If you only plan to locally test Selenium, downloading the package and drivers should suffice. However, if you would like to set Selenium up on a remote server, you would additionally need to install the Selenium Server. Selenium Server is written in Java, and you need to have JRE 1.6 or above to install it on your server. It is available on Selenium’s download page.

Quickstart Guide

Once you have completed the pre-requisites section, you are ready to start your first test in Selenium with the Python programming language! First import the webdriver and Keys classes from Selenium.

from selenium import webdriver
from selenium.webdriver.common.keys import Keys

The webdriver class will connect you to a browser’s instance, which we will shortly cover. The Keys class lets you emulate the stroke of keyboard keys, including special keys like “Shift” and “Return”.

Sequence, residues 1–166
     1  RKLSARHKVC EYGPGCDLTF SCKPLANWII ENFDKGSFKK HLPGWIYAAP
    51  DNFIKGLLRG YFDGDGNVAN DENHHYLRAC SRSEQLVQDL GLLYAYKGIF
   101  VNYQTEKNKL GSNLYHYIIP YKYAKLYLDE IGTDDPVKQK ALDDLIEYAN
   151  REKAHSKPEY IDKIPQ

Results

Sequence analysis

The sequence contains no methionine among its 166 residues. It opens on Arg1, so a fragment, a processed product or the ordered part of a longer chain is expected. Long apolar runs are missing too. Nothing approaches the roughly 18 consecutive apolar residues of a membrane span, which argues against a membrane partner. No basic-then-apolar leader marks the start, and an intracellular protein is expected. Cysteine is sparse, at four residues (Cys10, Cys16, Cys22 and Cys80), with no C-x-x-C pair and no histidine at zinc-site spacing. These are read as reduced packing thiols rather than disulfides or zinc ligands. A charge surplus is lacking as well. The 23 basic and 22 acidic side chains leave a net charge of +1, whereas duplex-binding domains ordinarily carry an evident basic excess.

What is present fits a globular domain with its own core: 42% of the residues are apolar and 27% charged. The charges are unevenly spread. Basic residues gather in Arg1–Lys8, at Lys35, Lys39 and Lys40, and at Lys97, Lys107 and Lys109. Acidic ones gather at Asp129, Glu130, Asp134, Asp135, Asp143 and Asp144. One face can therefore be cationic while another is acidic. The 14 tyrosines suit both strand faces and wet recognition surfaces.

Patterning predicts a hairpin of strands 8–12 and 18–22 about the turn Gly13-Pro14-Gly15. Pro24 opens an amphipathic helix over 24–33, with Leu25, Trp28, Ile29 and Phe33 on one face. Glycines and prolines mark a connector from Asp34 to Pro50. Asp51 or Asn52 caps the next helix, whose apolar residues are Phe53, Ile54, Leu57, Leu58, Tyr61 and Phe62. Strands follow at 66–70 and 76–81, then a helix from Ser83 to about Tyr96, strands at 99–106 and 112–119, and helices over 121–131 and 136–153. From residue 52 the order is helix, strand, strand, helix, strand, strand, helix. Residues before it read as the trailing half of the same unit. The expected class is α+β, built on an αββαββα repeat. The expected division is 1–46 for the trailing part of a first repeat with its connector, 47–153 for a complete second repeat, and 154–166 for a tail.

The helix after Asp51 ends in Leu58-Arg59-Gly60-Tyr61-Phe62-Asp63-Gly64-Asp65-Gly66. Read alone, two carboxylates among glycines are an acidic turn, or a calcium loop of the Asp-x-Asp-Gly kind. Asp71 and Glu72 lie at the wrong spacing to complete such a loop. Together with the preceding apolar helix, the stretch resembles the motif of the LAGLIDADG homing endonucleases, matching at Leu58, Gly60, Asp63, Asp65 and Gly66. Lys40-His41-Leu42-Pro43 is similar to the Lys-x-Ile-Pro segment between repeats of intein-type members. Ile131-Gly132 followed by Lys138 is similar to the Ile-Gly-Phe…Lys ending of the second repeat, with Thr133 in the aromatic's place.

Next, create an instance of Chrome with the path of the driver that you downloaded through the websites of the respective browser. In this example, we assume that the driver is in the same directory as the Python script that you will execute.

driver = webdriver.Chrome('./chromedriver')

If you are testing on your local machine, this opens an instance of Chrome locally. This command lets you perform tests on it until you use the .close() method to end the connection to the browser.

Next, use the .get() method of the driver to load a website. You may also load a local development site as this process is equivalent to opening a window of Chrome on your local machine, typing a URL and hitting Enter. The .get() method not only starts loading a website but also waits for it to render completely before moving on to the next step.